Health workers had to travel from the Primary Health Center at Zanskar, located 210 km from these remote border villages, about 8,000 to 14,000 feet above sea level, and walk half a day over rocky mountainous terrain to reach them. Here, there were ponies to carry the cold boxes – in which vaccines and other equipment are stacked – up the 60 km from Paudam, where ambulances have to be left as no further motorable roads exist.
Unlike other tribal districts of the country, residents of the remote villages in Leh and Kargil are relatively better educated and more aware of standard precautions required during the Covid-19 pandemic, like masking up and hand hygiene.
And since these villages have a “natural lockdown,” as Kargil Chief Medical Officer (CMO) Dr. Munawar Hussain Wazir said, being cut off from the outside world for six months due to heavy snow, not a single case of Covid has occurred in these villages. Villagers are keen to keep it that way. Now, with the vaccination available, there has been almost no hesitancy in taking the vaccine. Everyone aged above 45 has got a dose of the Covishield vaccine. Despite no incidence of Covid, villagers have fully cooperated with health authorities and workers to keep the disease at bay.
Jammu and Kashmir success
Contrary to popular perception, the experience has been the same in the union territory of Jammu & Kashmir where, despite incidences of Covid, there has been enthusiastic participation in getting vaccinated. Shopian, synonymous in the media with militancy, and Ganderbal are two districts where there has been 100 percent immunization, said Dr. Saleem ur Rahman, Director General Immunization for J&K. Everybody aged above 45 in Jammu, Naushera and Samba districts have also received at least one shot of the vaccine.
“Kashmiris are very health-conscious,” said J&K’s Information Officer Rehila Noor. “After the initial hesitancy during Ramzan, there is now no hesitation to come and take the vaccine.” Most maulanas (clergy) of mosques are already vaccinated and have been in the frontlines urging people to take the jabs, even making such announcements several times daily before the ‘azaan’ or call to prayer.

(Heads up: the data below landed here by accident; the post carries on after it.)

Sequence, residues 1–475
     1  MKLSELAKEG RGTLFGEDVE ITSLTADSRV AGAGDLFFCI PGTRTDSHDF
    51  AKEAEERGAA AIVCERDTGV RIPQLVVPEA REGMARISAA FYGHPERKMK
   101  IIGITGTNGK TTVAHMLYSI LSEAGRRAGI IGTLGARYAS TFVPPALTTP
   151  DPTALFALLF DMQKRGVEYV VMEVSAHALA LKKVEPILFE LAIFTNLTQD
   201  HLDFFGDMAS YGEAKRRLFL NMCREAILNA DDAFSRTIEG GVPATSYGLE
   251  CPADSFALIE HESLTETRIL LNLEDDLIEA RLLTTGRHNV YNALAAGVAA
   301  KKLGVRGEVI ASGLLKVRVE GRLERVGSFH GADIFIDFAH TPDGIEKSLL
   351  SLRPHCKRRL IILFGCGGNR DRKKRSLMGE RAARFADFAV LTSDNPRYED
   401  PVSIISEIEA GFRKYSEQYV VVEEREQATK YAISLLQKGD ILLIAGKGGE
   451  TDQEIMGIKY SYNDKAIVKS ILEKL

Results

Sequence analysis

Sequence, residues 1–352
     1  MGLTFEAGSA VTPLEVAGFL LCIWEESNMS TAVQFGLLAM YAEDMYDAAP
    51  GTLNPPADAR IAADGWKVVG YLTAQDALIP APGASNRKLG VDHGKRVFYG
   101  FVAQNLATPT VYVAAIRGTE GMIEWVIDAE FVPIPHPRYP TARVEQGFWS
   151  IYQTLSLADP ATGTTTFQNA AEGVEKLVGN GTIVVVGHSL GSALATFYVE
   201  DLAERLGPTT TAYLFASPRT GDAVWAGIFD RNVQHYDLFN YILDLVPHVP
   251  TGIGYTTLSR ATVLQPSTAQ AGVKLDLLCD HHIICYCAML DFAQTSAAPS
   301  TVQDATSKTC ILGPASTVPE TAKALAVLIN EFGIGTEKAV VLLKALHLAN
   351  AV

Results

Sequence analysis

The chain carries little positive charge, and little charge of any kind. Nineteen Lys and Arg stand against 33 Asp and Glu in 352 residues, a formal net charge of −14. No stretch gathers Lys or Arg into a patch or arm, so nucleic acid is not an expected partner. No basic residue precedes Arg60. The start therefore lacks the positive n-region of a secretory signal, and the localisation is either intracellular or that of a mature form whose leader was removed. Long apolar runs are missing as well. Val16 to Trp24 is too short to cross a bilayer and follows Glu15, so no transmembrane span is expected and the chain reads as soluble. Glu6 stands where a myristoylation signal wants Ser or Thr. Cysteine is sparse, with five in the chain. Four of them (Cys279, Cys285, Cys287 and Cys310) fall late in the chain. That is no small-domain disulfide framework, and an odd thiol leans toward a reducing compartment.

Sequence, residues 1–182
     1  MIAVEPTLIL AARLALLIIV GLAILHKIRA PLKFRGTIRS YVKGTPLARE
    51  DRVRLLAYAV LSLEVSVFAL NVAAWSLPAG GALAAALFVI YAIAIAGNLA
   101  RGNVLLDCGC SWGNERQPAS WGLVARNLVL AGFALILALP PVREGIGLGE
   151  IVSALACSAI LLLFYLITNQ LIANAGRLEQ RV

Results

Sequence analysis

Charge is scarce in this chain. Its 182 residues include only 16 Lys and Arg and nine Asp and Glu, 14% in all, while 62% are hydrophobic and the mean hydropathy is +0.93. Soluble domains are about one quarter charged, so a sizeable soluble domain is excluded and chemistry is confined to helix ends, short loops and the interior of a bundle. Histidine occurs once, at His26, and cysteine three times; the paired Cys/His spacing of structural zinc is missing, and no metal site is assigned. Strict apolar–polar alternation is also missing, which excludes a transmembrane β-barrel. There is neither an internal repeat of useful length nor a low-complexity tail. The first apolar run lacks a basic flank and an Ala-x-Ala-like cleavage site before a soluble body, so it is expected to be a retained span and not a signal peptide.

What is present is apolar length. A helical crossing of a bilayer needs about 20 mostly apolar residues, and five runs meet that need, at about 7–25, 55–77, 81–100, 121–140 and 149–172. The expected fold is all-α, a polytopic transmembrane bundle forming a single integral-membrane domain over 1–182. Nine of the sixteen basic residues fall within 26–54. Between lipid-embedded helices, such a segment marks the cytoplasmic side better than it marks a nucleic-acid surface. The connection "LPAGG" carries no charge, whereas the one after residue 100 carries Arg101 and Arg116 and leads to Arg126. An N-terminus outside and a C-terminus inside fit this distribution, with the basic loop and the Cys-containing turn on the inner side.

“This has been crucial, and now there is no problem, no militancy and no opposition to getting the vaccine,” said Noor.
The infrastructure and experience for conducting such immunization campaigns and informing villagers about the benefits of vaccination, and how to overcome hesitancy, have been in place since the polio immunization campaign. That has now been refined. The J&K experience has been praised by the prime minister,” Noor said
The government’s vaccination outreach to remote border areas, in Kashmir and the Northeast, and the local people’s smiling embrace of these efforts was an indication of their comfort level and confidence in the Indian system. In doing so, people in these remote parts of India, who otherwise face such challenging weather and living conditions, have shown how security can be strengthened and the pandemic overcome in this vast country with a healthcare boost.
(The writer is a senior journalist and analyst. The views are personal. She can be contacted at [email protected])